It was a total downpour for us, but that didn’t stop the party or the dancing! Just watch those paper programs that turn to mush and become super slippery.
What to wear?
The performers steal the show with their amazing costumes (or lack thereof :), but that doesn’t mean you can’t get creative and make this your best fancy dress party ever! We bought our masks at a market in Sao Paulo because we were advised it would be cheaper to do so. I’m not so convinced because there are loads of market stall sellers on the streets of Rio with great ensembles, flower garlands, glitter spray, wigs, body art stickers and whatever else you could imagine.
If the weather is looking dodgy then definitely buy a poncho or bring an umbrella. This will not keep you warm, so you may want to bring a jacket too (or make sure you just keep dancing!)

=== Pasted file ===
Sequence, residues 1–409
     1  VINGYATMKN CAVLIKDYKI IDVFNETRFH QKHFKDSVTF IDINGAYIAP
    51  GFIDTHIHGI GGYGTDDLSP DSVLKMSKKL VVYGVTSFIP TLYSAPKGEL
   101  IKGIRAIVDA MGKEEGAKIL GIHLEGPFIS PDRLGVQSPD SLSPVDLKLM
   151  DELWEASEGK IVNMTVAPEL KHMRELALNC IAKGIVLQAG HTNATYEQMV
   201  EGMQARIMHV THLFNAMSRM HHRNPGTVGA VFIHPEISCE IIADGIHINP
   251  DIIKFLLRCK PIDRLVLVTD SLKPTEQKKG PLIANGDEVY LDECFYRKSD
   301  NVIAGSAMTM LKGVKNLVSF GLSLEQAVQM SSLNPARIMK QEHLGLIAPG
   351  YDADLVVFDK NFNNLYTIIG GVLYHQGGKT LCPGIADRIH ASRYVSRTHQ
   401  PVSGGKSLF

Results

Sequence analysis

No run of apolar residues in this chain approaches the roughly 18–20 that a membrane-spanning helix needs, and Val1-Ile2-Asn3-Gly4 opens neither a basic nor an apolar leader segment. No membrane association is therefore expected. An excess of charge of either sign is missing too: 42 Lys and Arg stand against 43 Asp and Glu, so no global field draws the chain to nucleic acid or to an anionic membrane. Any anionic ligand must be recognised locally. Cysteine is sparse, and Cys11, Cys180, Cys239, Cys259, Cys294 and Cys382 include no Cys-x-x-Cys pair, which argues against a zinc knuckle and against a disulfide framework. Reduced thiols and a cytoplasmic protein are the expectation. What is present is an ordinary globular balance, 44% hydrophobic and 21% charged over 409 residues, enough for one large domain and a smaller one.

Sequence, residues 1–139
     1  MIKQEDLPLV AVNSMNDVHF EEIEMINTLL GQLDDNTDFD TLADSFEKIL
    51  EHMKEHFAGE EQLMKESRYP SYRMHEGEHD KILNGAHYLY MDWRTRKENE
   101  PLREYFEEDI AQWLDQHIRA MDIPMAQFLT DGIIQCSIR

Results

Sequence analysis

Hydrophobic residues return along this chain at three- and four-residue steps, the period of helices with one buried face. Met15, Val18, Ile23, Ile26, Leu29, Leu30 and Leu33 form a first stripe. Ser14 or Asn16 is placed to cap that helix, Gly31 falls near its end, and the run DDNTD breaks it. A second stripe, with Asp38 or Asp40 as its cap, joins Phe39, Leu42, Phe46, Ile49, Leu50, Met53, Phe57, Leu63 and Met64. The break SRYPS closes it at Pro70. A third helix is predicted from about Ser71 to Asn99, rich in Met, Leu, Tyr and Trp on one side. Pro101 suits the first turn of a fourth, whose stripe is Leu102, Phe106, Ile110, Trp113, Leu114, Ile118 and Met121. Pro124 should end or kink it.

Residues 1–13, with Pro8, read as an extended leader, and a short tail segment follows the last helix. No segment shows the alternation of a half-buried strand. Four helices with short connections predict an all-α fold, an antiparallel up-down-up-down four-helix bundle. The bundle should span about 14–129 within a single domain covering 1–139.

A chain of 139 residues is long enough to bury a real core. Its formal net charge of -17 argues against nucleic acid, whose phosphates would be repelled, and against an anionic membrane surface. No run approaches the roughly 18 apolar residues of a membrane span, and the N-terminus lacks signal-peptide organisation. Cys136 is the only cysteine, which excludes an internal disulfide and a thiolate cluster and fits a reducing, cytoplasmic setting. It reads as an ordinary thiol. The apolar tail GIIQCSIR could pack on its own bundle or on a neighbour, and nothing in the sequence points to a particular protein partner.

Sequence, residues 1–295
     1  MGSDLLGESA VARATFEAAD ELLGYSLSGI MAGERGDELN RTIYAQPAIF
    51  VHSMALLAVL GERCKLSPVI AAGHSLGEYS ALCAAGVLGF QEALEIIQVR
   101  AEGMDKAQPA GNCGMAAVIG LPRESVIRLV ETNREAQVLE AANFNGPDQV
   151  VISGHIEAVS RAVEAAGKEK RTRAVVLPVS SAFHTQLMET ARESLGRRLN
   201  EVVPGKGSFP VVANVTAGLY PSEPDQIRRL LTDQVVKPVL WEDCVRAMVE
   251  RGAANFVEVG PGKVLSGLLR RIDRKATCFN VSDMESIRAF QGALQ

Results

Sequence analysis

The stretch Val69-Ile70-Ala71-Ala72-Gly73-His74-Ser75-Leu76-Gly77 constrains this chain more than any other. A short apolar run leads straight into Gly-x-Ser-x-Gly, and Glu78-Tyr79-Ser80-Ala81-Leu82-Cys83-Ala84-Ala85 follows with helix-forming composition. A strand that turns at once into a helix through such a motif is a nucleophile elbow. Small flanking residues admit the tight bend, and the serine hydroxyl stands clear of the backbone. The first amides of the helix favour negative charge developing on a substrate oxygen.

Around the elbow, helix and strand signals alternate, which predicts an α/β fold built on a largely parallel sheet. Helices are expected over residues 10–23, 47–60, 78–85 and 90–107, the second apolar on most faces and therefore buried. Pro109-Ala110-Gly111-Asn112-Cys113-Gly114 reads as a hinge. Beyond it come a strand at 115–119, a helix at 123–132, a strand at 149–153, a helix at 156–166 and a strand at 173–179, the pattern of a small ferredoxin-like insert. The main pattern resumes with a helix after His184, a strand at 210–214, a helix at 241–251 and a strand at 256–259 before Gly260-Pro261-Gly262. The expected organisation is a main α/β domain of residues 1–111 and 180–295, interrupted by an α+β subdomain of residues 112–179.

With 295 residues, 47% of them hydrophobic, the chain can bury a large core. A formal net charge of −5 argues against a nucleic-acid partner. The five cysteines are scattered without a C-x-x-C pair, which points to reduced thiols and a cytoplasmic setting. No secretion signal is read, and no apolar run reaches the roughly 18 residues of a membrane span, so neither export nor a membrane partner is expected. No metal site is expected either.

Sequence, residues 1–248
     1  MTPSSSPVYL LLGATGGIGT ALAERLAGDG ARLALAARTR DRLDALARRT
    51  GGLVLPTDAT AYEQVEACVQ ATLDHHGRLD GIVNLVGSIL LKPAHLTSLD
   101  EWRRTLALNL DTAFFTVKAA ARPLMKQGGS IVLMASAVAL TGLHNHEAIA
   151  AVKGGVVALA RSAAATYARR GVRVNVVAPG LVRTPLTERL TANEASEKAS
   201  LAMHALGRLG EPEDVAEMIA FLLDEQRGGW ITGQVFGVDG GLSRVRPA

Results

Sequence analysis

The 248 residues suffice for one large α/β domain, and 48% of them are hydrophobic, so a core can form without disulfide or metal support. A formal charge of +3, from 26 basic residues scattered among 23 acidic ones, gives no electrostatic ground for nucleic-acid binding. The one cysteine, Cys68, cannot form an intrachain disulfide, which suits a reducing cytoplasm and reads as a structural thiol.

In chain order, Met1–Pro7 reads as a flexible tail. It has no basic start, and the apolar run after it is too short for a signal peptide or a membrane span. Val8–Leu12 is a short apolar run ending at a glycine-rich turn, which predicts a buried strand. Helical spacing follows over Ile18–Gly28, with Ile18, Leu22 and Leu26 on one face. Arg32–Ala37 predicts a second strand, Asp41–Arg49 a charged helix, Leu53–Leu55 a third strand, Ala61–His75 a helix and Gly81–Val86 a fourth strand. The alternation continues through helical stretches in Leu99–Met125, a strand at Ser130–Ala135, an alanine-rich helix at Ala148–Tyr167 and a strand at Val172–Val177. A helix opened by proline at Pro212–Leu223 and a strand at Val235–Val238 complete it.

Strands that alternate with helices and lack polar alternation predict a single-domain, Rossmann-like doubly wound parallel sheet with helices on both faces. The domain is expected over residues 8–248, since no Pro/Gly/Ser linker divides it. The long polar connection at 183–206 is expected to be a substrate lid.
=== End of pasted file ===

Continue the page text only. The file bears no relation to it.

All this talk of dancing is making me thirsty.
We bought most of our drinks from a lady selling bags of beer. Pure class, I know!
I think it was 50 Brazillian Reais for 8 beers which is like US$25*. We did bring in a concoction of cachaça (a type of sugar cane spirit) and mixer but that was more for the walk to the Sambadrome. You really want to watch the liquid intake from both a drunken stupor point of view but also the need to use the portaloos. It ain’t pretty, so a bit of tissue and hand sanitizer can go a long way.
If you plan to stay for the whole parade then buy a cushion!
The seating is just concrete bleachers. When wet it’s cold and when dry it’s just plain uncomfortable. You can buy these from vendors outside the subway on route to the Sambadrome.